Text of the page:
- SEC Enforcement Director Linda Chatman Thomsen discussed 10b5-1 plans during her keynote and the succesive panel on those plans: see Thursday's article entitled "Stock Sales by Chief of Lender Questioned"

- SEC Corp Fin Director John White's keynote analyzed executive compensation disclosures under the new SEC rules: see Wednesday's article entitled "S.E.C. Finds Fault on Pay Disclosures"

Of course, the sheer number of attendees is another indicator of a conference's success. In that department, the result continues to be overwhelming. We had over 2400 in San Francisco (we pulled off a nice wave cheer before Wednesday's plenary session), with another 3500 online.

Status of Shareholder Access: Open Commission Meeting Soon?

With over 20,000 comment letters in (many of them "form" letters), the SEC appears to be set to hold an open Commission meeting sometime in November to consider at least some of the shareholder access ideas floated this summer. According to a Dow Jones article from last week, SEC Chairman Cox wants some rules in place for next proxy season - here is an excerpt from that article:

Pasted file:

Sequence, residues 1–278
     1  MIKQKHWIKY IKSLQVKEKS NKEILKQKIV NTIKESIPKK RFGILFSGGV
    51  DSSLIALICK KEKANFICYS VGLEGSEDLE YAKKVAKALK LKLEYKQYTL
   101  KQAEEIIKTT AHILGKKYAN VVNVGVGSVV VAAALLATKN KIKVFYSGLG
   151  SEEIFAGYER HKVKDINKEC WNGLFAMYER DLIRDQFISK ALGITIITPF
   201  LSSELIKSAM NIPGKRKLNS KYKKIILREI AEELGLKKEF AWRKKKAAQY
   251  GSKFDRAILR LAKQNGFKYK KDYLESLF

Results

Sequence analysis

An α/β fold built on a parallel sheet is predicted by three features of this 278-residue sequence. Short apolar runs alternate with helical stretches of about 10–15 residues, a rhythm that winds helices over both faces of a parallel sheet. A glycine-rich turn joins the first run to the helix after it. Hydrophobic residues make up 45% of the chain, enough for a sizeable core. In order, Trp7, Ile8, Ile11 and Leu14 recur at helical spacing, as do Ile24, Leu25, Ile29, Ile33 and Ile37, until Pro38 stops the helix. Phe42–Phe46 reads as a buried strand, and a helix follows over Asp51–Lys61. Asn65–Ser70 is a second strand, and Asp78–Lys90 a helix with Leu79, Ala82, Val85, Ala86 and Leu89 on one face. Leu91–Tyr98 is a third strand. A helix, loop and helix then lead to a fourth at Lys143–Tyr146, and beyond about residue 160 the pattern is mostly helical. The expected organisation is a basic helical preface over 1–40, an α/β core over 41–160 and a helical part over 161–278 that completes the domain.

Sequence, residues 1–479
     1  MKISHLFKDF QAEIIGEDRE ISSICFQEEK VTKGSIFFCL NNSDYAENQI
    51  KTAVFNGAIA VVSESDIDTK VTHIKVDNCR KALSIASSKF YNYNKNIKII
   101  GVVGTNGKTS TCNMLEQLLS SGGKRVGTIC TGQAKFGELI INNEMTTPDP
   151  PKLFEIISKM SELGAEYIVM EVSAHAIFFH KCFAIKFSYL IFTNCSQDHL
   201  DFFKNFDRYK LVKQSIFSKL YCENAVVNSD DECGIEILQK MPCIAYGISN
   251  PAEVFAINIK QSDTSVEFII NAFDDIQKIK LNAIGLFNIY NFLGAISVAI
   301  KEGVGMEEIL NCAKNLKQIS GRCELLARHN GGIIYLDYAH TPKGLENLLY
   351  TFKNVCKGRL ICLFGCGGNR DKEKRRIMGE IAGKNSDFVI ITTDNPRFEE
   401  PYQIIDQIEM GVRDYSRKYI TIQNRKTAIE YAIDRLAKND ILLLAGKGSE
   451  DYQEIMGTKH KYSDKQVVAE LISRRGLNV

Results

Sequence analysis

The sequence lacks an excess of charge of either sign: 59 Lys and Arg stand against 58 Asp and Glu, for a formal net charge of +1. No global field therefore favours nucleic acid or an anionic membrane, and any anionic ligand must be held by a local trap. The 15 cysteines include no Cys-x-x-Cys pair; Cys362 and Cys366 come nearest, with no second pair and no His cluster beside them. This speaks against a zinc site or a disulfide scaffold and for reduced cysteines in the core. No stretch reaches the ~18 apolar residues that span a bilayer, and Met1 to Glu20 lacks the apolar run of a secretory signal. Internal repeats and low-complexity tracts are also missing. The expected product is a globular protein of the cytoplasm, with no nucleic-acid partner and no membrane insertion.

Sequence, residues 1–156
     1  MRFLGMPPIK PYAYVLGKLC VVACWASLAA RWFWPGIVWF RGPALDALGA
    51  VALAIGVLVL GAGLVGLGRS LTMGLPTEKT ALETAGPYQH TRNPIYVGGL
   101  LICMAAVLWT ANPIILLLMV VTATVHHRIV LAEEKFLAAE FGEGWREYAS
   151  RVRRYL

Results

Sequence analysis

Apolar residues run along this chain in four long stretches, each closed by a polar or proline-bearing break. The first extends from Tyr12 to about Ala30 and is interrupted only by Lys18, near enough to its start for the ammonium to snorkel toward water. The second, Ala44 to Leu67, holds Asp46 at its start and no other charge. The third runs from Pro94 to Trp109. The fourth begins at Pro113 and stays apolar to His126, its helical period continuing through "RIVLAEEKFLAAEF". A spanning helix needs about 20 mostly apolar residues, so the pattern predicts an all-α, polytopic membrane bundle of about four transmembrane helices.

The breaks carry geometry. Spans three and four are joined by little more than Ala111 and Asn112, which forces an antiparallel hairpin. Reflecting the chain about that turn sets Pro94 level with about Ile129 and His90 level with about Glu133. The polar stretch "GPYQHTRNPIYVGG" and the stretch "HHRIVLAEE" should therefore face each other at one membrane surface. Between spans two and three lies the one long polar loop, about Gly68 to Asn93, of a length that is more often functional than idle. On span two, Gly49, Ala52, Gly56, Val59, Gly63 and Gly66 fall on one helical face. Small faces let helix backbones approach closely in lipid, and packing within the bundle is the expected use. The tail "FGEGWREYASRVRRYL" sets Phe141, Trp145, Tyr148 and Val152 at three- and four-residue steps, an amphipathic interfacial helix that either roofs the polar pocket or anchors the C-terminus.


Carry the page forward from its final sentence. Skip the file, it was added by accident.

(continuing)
"Cox has said that he favored the second approach, under which investors with a 5% stake in a company for at least one year could propose changing bylaws in a way that would allow shareholder-backed candidates to appear on corporate proxy ballots. But the departure of one Democratic commissioner and the planned departure of the other may complicate matters."

Here is a NY Times article from Sunday - and here is an article from the RiskMetric's Governance Blog about the future on nonbinding proposals.

An Opportunity to Comment on RiskMetric's '08 Proxy Policies